The National Endowment for the Humanities (NEH) last week announced a $30,000 funding opportunity available to tribal nations, nonprofits, and states working with tribal communities for projects “that expand the reach and impact of the federal Indian boarding school initiative,” according to an agency press release.

The funds will support projects aimed at cultural and language revitalization, community conversations on the impact of federal Indian boarding schools, research related to unmarked graves and burial sites associated with the intuitions, repatriation efforts, oral history projects, and the creation of educational materials on the history of federal Indian boarding schools.

Any non-tribal entity that applies for funding must be in consultation with a federally recognized tribe, Chair of the National Endowment for the Humanities, Shelly Lowe (Diné) told Native News Online.

Never miss Indian Country’s biggest stories and breaking news. Sign up to get our reporting sent straight to your inbox every weekday morning. 

She added that non-tribal grantees will be required to follow NEH’s Code of Ethics Related to Native Americans, including safeguarding “the rights, expressed interests and sensitivities of those originating the material,” where documents or objects are researched.

The announcement marks an expansion of a previously established, inter-agency partnership. In April, NEH committed $4 million to support the digitization of records and collection of oral histories from the more than 400 Indian boarding schools the United States operated or supported from the mid-1800s through the 60s.

In May 2021, the U.S. Department of the Interior released Volume 1 of its Federal Indian Boarding School Initiative Investigative Report detailing the history and ongoing legacy of the federal government’s 150-year policy of forcibly assimilating Native American children into white culture by sending them to Indian boarding schools.

The same month, Secretary of the Interior Deb Haaland (Laguna Pueblo) announced a year-long “Road to Healing” tour across the country to provide Native survivors of the federal Indian boarding school system and their descendants an opportunity to share their experiences.

Lowe told Native News Online that this NEH funding is meant to complement the Road the Healing tour by supporting the community-specific healing needs afterward.

“One of the questions that communities ask all the time is: ‘What happens after this?’” Lowe said of the Road to Healing tour. “It is my intent to ensure that when we are in communities listening to this [boarding school history], that we don’t then walk away and not have something to support the communities with afterward. These special chairs grants are meant to help communities continue to think about history, to think about what the needs are in their own communities, and to create contexts that will help them continue to move forward.”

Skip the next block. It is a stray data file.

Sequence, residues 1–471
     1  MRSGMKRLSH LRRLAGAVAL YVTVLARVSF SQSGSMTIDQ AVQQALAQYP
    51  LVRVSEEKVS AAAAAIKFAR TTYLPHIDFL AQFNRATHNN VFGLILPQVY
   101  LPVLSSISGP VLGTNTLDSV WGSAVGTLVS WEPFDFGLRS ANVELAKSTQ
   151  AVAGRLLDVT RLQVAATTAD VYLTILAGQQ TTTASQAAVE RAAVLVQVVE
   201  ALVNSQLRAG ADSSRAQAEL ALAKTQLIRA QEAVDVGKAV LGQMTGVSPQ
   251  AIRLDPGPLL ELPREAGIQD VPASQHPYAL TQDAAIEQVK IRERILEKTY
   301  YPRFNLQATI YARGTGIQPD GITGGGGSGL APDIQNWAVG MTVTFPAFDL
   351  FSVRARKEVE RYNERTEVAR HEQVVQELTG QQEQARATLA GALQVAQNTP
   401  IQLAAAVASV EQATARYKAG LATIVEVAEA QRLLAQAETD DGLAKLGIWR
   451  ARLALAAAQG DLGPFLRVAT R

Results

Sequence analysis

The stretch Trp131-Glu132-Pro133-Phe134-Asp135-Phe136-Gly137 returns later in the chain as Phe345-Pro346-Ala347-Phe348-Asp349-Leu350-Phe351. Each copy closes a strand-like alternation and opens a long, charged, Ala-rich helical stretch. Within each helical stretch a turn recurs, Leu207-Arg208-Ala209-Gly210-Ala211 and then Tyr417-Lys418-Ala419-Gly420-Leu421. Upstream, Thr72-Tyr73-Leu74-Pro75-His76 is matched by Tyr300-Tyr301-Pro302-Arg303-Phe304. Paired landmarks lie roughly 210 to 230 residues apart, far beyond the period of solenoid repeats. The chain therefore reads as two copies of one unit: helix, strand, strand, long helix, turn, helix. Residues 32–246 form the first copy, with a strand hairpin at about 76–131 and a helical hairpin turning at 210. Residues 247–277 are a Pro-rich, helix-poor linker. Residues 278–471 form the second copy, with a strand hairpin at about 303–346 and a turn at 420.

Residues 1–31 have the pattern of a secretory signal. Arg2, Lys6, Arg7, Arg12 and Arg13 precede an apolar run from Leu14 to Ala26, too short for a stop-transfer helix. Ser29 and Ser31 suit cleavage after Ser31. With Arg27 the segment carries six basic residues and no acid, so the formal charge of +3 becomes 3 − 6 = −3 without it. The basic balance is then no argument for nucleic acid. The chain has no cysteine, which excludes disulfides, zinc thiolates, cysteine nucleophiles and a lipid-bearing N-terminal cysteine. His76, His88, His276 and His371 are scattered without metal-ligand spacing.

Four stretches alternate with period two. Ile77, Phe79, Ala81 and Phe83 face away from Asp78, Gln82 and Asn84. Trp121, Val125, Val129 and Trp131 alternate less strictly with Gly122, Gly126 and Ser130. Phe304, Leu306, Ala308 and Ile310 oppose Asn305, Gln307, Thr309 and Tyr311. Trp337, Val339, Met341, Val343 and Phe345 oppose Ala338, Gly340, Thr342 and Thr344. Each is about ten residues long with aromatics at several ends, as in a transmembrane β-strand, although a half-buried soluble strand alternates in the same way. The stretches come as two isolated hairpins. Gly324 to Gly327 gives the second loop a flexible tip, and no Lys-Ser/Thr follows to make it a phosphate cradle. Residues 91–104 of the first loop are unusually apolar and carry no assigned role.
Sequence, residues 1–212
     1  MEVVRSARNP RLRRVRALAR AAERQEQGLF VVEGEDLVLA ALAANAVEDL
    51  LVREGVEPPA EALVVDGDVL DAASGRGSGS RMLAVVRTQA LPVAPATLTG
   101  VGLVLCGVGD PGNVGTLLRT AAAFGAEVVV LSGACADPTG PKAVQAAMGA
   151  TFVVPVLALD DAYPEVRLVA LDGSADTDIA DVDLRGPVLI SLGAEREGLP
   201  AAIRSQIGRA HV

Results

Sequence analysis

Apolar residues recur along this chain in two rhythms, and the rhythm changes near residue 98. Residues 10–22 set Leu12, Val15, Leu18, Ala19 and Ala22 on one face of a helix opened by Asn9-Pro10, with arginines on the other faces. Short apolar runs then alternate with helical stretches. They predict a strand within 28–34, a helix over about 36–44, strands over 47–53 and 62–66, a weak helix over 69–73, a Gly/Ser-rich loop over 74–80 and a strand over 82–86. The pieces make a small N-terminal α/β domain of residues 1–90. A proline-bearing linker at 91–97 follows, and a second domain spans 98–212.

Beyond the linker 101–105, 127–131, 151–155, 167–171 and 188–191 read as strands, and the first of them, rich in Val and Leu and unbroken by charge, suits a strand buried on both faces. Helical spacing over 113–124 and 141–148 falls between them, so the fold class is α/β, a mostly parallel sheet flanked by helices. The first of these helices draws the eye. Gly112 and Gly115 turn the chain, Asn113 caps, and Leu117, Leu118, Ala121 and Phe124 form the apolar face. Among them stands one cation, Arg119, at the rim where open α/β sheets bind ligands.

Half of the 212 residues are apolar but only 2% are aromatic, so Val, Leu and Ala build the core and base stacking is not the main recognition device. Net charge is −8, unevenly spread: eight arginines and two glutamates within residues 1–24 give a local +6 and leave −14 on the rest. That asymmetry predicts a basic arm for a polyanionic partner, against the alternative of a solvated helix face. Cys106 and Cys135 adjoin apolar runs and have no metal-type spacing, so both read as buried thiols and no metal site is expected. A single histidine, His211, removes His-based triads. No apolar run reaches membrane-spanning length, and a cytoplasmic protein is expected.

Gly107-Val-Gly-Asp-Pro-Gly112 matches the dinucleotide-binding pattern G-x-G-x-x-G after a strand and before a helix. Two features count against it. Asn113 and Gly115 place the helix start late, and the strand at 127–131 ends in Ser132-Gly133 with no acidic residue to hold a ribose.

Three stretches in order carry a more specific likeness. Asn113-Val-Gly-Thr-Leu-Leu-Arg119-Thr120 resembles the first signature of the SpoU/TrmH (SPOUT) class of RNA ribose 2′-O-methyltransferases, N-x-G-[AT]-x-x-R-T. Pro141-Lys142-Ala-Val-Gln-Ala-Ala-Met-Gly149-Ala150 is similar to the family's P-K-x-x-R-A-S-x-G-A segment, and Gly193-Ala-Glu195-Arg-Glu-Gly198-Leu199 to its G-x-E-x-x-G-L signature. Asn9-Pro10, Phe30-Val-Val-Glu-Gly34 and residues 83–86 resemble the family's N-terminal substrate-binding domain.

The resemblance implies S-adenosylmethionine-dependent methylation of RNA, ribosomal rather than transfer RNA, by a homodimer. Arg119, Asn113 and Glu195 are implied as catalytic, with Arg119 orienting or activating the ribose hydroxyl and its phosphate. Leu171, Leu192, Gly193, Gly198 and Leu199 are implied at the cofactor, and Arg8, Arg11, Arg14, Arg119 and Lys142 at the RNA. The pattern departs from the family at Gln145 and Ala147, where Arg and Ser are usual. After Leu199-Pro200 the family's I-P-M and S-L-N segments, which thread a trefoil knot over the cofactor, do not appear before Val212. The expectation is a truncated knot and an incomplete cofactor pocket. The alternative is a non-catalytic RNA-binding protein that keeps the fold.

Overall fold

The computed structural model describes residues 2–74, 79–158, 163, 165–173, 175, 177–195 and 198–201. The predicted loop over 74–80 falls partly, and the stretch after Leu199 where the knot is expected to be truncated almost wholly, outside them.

NEH will accept grant requests on a rolling basis until December 1, 2023. Drafts can be submitted to [email protected]. For questions on how to apply, visit the NEH website.

More Stories Like This

LA's Largest-Ever Land Back an 'Important Step' in the Movement
'It’s happy sad': Two Oyate Boys Leave Carlisle, Others Left Behind
'I just don’t want it to die in front of me' | One Ho-Chunk Man's Mission to Save Ho-Chunk Language
Association on American Indian Affairs Strengthens Executive Leadership with New Hire
California Excluded from Federal MMIP Support, Leaders Pressure Dept. of Justice for Inclusion

Native News is free to read.

We hope you enjoyed the story you've just read. For the past dozen years, we’ve covered the most important news stories that are usually overlooked by other media. From the protests at Standing Rock and the rise of the American Indian Movement (AIM), to the ongoing epidemic of Murdered and Missing Indigenous People (MMIP) and the past-due reckoning related to assimilation, cultural genocide and Indian Boarding Schools.

Our news is free for everyone to read, but it is not free to produce. That’s why we’re asking you to make a donation to help support our efforts. Any contribution — big or small — helps.  Most readers donate between $10 and $25 to help us cover the costs of salaries, travel and maintaining our digital platforms. If you’re in a position to do so, we ask you to consider making a recurring donation of $12 per month to join the Founder's Circle. All donations help us remain a force for change in Indian Country and tell the stories that are so often ignored, erased or overlooked.

Donate to Native News Online today and support independent Indigenous journalism. Thank you. 

About The Author
Native News Online Staff
Author: Native News Online StaffEmail: This email address is being protected from spambots. You need JavaScript enabled to view it.
Native News Online is one of the most-read publications covering Indian Country and the news that matters to American Indians, Alaska Natives and other Indigenous people. Reach out to us at [email protected].